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Visual Imagery and Consciousness

Nigel J.T. Thomas

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For most people visual mental imagery is a common, frequent experience. We often recall past events, or imagine possible ones, by forming mental images. Our dreams may also consist largely of mental imagery. Indeed, many philosophers and psychologists have held that, together with immediate perceptual experience, imagery makes up the entirety of consciousness (although clearly not just visual imagery, but also imagery in other sense modes, especially inner speech, auditory or vocal-motor imagery of spoken words). If we are to fully understand consciousness, we will certainly need to understand mental imagery.

Philosophers have studied mental imagery for many centuries, experimental psychologists have studied it for well over a hundred years, and more recently it has attracted the attention of cognitive scientists and neuroscientists, but many basic questions still remain unresolved. There is controversy not only over what cognitive and neural mechanisms are responsible for imagery, but also over its function (if any) in cognition. Some regard mental imagery (or some closely related notion, such as "perceptual symbols" or "image schemata") to be the necessary vehicle for all thought; some regard it as important only for certain types of cognitive task (such as judging spatial relationships); and yet others regard it as a functionally insignificant conscious epiphenomenon of the unconscious cognitive processes that really constitute our thinking.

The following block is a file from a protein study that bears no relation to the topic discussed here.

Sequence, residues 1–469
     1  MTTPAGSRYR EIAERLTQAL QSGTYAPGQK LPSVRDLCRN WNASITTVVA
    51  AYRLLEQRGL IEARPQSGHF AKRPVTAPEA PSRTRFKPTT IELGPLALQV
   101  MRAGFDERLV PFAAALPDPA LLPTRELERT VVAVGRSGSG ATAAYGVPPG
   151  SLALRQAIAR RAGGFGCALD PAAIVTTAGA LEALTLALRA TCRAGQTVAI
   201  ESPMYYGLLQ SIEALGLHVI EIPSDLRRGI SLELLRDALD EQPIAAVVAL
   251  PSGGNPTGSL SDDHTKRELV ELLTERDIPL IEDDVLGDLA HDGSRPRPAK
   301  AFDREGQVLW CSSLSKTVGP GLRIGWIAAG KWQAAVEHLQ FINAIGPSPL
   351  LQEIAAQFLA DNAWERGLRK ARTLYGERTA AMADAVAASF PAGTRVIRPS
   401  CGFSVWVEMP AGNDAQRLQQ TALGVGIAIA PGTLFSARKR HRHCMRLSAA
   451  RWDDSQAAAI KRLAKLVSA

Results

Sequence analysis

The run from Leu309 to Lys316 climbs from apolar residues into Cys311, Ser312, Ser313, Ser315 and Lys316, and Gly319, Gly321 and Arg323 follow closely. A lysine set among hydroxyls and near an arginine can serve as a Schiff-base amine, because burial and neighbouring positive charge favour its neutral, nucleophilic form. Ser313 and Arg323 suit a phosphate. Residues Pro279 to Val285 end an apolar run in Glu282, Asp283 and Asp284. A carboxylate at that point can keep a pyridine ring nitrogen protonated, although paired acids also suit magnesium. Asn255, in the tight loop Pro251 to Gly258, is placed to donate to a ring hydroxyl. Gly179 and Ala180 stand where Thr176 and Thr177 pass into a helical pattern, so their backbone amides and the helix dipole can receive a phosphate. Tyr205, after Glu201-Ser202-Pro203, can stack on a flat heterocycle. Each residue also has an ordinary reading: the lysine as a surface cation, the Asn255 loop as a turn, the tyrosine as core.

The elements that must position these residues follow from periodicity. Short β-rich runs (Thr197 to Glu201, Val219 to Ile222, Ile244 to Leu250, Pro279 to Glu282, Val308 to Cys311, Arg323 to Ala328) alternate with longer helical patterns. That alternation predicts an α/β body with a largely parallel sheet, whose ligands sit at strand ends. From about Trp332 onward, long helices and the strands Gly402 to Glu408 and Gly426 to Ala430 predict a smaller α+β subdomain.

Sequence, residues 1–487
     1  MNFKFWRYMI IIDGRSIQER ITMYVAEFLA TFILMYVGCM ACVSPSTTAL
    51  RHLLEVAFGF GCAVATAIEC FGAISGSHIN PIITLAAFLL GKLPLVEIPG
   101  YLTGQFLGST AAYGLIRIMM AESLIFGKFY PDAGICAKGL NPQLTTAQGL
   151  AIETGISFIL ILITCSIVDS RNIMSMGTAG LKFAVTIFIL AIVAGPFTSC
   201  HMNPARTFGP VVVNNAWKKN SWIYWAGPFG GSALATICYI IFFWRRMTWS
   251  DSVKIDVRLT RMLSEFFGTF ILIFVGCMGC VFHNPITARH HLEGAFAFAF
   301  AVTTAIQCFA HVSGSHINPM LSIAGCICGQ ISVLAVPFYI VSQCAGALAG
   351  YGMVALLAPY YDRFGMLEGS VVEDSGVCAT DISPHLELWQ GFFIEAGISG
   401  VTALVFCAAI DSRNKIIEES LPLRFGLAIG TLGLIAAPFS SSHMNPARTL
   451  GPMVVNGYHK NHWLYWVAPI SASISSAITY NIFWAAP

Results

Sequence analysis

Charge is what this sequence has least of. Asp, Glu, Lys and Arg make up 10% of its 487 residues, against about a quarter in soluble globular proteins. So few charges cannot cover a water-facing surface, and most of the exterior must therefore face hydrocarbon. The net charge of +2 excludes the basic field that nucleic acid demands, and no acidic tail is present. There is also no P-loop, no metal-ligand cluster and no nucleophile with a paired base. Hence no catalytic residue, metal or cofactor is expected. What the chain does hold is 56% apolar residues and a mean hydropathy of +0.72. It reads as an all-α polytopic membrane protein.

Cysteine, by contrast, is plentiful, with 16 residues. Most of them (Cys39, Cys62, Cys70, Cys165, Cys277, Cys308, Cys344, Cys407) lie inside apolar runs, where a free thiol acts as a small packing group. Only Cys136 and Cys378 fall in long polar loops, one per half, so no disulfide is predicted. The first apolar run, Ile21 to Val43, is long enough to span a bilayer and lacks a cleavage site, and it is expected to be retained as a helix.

Like percepts, mental images bear intentionality. That is to say, they are always images (or percepts) of something or other, of some (real or imaginary) "object." (Some philosophers regard intentionality and consciousness as very closely related phenomena.) However, unlike percepts, images occur in the absence of their object. You cannot perceive a cat when no cat is present, but you can imagine a cat (or any other perceptible thing) at any time. Furthermore, (mistakes aside) you cannot perceive a cat to be other than where and how it actually is, but, whenever you want to, you can imagine (i.e., form an image of) a cat as anywhere, or in any condition. Images thus seem well suited to function as mental representations, allowing us to think of things as they currently are not, and thus to recall the past, plan for the future, fantasize about the unreal, and speculate about the unknown. Since ancient times, this has generally been believed to be their cognitive function.

Defining Imagery: Experience or Representation?

Mental imagery is commonly defined as a form of experience: quasi-perceptual experience, experience that subjectively resembles the experience we have when we actually perceive something (see glossary). This implies that we are unlikely to be able to understand imaginal consciousness unless we understand perceptual consciousness (and perhaps vice-versa). Unfortunately, we do not yet have such an understanding (or, at least, one that is generally agreed upon). It also, however, implies that imagery is always and necessarily conscious: if something is not consciously experienced it cannot be mental imagery.